For something that involves immaculate diligence on every step of the production process, specialty coffee deserves to be executed with the greatest commitment. The interiors are probably, at best, of secondary importance. And discerning consumers can tell the difference.

“While it’s great that specialty coffee shops can be found at almost every corner we turn,” said Sara Josephine Tobing, an avid coffee drinker who works as a Sales Supervisor at Fujitech, and counts Tanamera as her favourite coffee joint, “there are so many amongst them who serve ordinary coffee except in a decent place.”

Without any strict outlines on what constitutes specialty coffee, the result is a term that is bandied around loosely, leaving consumers the role of discerning the authentic from the extensive list of choices available. To Doddy Samsura, the two-time winner of Indonesia Barista Championship, specialty coffee reflects “the spirit to appreciate the quality of the coffee through a long collaboration between farmers, roasters, cafes and barista, as well as educating the customers.”

However, contrary to one’s expectations, the increase in number of coffee joints has not contributed to a greater openness in learning about the crafts; whereas the essence of third wave coffee is to promote transparency within the industry. Ideally, consumers should be able to learn more about the details of the coffee that they drink from the barista, other than its names.

“Back then, I feel that customers tended to be more curious about the apparatus we used (referring to brewing equipment, such as Aeropress) and more open to hearing us share information about coffee,” observed Nathalia, “ But now, with a wider audience, they seemed less enthusiastic about being educated on coffee. All they want is a simple cup of coffee that suits their palate.”


Not all is bleak

Still, if we were to look at it from another perspective, it is not as bleak as it seems. Perhaps, there has been a shift in how customers prefer to obtain their information about coffee, from friends or via the infinite sources online.

To wit, the ABCD School Of Coffee regularly receives applications for the enrollment of barista classes from a wide range of coffee enthusiasts, and not restricted to just budding baristas. All these attest to a growing curiosity about the craft.

In addition, third wave coffee joints are also increasingly focusing on being ‘third place’ – a social space, neither home nor office, that functions as a surrounding for community building.

These ‘third place’ have also revitalized their surrounding neighborhoods by serving as a hub for people to engage in their creative pursuits. Over at One Fifteenth, it has played host to an extensive list of activities such as ceramic workshops by the renowned Ayu Larasati as well as a children storytelling event in collaboration with Seumpama Books. And with that, the establishment has established itself a reputation among the creative professionals in Jakarta.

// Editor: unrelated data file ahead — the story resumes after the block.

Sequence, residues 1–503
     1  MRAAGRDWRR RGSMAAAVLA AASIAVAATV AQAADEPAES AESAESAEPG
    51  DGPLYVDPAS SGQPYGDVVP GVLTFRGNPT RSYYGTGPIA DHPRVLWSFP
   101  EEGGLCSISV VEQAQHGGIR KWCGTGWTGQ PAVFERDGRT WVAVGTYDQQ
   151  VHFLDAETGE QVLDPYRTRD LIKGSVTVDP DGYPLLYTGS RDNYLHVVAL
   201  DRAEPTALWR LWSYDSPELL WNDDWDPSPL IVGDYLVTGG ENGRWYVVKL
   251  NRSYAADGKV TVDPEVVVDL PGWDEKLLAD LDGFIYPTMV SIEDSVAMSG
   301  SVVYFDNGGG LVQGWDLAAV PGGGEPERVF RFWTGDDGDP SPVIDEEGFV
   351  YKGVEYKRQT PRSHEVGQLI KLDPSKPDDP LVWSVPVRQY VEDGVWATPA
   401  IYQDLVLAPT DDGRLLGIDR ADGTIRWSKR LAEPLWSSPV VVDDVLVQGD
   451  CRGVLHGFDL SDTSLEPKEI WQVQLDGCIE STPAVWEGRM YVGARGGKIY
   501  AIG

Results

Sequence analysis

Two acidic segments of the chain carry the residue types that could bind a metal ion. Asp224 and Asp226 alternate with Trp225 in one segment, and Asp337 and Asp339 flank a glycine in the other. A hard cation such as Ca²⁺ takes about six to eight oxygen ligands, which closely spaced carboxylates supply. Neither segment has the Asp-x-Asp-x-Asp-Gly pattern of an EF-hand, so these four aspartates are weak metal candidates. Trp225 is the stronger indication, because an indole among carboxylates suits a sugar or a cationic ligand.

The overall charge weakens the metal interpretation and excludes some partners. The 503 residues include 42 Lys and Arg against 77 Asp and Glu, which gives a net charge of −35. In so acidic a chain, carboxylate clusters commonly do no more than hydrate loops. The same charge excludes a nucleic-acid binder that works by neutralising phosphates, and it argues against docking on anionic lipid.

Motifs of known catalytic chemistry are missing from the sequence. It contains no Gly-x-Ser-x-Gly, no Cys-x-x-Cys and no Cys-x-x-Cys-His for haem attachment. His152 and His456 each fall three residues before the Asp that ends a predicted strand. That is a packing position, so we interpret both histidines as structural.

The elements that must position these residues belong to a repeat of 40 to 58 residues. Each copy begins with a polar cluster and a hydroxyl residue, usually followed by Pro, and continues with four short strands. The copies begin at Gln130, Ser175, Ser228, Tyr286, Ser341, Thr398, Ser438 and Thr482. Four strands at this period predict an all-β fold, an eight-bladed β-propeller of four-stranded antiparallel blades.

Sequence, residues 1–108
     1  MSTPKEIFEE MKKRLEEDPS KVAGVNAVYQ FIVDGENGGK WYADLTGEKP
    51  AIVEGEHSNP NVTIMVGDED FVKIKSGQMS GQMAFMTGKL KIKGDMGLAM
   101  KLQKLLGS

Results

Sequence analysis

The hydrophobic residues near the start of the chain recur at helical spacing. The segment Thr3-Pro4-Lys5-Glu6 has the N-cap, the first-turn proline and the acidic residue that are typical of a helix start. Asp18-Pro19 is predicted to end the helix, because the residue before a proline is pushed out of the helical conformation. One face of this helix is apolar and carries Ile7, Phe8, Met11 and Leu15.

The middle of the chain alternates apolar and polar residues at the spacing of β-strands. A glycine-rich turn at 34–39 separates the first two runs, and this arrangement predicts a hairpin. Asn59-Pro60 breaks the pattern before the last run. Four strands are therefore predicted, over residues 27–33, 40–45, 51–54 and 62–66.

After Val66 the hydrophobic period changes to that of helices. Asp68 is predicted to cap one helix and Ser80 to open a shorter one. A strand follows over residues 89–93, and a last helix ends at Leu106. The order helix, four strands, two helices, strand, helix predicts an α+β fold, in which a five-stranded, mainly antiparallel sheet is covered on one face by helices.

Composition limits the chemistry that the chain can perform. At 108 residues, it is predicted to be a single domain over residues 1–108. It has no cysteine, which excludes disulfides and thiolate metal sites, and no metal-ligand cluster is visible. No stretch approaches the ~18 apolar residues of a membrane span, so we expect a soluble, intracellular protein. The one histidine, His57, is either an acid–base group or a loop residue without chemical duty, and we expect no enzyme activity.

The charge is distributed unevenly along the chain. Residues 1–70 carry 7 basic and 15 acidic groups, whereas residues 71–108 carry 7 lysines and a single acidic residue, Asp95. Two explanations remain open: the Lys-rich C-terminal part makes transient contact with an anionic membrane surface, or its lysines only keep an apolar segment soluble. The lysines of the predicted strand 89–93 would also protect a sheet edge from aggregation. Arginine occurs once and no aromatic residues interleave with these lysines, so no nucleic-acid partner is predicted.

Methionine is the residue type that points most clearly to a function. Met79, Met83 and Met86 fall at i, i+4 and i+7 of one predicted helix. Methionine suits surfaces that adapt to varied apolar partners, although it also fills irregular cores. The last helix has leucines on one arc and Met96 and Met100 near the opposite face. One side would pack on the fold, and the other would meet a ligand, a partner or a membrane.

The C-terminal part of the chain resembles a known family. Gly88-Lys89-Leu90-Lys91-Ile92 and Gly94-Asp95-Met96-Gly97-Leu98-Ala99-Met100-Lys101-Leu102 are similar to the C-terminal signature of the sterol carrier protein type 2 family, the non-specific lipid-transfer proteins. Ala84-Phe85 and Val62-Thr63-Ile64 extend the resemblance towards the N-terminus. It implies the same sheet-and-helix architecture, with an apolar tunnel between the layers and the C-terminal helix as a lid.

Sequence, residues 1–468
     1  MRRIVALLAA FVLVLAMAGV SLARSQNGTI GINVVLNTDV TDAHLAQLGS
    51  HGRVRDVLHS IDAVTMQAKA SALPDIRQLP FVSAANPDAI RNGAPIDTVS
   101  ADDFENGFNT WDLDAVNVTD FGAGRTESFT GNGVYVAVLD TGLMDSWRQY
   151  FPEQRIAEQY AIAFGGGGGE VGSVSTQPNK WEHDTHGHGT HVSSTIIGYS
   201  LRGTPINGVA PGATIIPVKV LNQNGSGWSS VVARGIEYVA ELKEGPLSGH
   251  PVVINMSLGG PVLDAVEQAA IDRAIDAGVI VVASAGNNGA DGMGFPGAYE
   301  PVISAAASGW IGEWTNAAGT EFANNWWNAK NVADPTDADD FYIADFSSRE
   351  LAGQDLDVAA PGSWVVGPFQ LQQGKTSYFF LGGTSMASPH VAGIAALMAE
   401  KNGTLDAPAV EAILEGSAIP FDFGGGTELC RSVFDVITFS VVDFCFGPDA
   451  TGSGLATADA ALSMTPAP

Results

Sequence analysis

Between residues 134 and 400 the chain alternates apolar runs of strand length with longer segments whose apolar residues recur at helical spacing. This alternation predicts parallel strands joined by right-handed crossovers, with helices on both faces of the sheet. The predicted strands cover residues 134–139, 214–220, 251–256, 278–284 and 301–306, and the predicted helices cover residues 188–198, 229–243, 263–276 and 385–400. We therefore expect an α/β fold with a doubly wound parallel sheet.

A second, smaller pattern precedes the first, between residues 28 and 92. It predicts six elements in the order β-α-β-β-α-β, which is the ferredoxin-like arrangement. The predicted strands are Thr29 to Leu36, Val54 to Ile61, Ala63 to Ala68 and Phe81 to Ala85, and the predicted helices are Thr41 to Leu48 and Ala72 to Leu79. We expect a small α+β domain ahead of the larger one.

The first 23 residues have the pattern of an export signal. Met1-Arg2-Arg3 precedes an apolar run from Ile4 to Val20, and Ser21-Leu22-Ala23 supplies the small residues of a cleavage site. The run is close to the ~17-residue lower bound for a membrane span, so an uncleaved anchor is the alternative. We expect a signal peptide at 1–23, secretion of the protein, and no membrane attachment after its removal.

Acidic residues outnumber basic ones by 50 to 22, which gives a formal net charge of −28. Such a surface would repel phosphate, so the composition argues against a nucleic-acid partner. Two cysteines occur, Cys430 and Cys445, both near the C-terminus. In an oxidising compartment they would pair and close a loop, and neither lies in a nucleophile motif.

“It is important to keep in mind that the people who appreciate coffee can come from various walks of life,” said Ve. “It is such synergies (between coffee and another hobby) that makes coffee as a way of life, relevant for us all.”

But ‘third place’ can also manifest itself online. Through the use of Instagram hashtags (#PeopleOfOmbé and #GodfatherOfOmbé) and buoyed by the owner, Jason Leo’s affecting friendliness, consumers of Ombé Kofie find themselves belonging to the establishment’s online community, which resulted in a sense of inclusion.  “It is clear that the owner Jason Leo is intending on building a community of coffee lovers and he does so by affecting visitors with that unique, special touch that defines Ombé Kofie,” said Nathalia.


Going forward

It is important to take note that a thriving coffee scene depends heavily on a progressive attitude, not only from the business perspective but also the community who consumes them.

Third-wave coffee culture could also be the unlikeliest industry that encourages social progress. At Rubiaceae, the coffee shop is run by a team of female baristas, which aims to increase the female presence in the mainly male-dominated coffee industry.

For independent businesses such as Gordi, embracing feedback and a forward thinking attitude are crucial too. Arief understands that by playing a ‘patriarchal’ role of deciding the beans for subscribers, he is undoubtedly putting himself on the line. “But let me know if the standard needs improving and I will try to better your next experience,” said Arief.

And finally, the media play a big role in ensuring the healthy growth of the third-wave coffee culture by providing the public with in-depth information, which entails the people and communities involved from production to delivery. Such moves will help to strengthen the coffee industry and propel the third-wave coffee culture to more than just a trend.

With all that is said and done, the third-wave coffee industry in Indonesia has only progressed from its infancy at best. With the combination of the rich variety of coffee beans and increase in public’s fascination with third-wave coffee culture in Indonesia, the continual growth of the industry is no doubt ensured. Who knows what it would evolve into in the near future. But for now, we move ahead with one cup of coffee at a time.